The Oxford Companion to Beer definition of
is a traditional finings, a substance that causes yeast to precipitate out of suspension, leaving beer clear. Isinglass is derived from the swim bladders of certain tropical and subtropical fish. When macerated and dissolved for several weeks in dilute food-grade acids, they form a turbid, colorless, viscous solution largely made up of the protein collagen. This material is known to brewers as isinglass finings.
There is much speculation as to the first use of this unlikely substance in beer making. The most logical conjecture is that at some point in history a resourceful fisherman used the swim bladder of a large specimen to store his beer, akin to keeping wine in a skin. It is likely that the beer of the day was somewhat acidic, perhaps from lactobacillus or acetobacter contamination. The acidity would have certainly caused some collagen to dissolve and clarify the beer. The observant individual might have noticed a bright, clear beer when pouring it into a drinking vessel.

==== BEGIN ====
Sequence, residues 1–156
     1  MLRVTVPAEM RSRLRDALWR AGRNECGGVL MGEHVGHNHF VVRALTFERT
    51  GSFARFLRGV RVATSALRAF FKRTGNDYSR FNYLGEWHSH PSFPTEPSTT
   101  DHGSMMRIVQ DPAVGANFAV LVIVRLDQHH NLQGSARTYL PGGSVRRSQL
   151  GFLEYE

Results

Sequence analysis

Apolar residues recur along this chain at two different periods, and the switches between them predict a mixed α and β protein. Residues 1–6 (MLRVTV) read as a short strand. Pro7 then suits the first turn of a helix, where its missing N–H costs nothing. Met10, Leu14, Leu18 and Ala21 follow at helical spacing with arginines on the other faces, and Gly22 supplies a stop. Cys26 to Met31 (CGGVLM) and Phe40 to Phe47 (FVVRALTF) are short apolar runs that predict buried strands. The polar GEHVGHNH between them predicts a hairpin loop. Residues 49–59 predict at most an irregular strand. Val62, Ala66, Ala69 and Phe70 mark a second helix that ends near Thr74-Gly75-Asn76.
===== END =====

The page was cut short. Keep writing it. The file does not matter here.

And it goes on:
Traditionally, isinglass for brewing purposes was derived from sturgeon, although modern commercial isinglass is more typically derived from tropical estuarine dwellers, such as the Nile Perch Lates niloticus from Lake Victoria, where it is considered an invasive species. The best quality finings originate in the South China Sea and are identified as Round Saigon or Long Saigon finings. The swim bladder is sun dried at the catch site and then packed for export to markets in China, where it is used to make fish maw soup, or to the UK to make isinglass finings. With the advances in centrifugation and filtration technologies, the use of isinglass has declined and today it is largely confined to cask-conditioned ales, although some American craft brewers also use it to clarify beer without the use of filtration.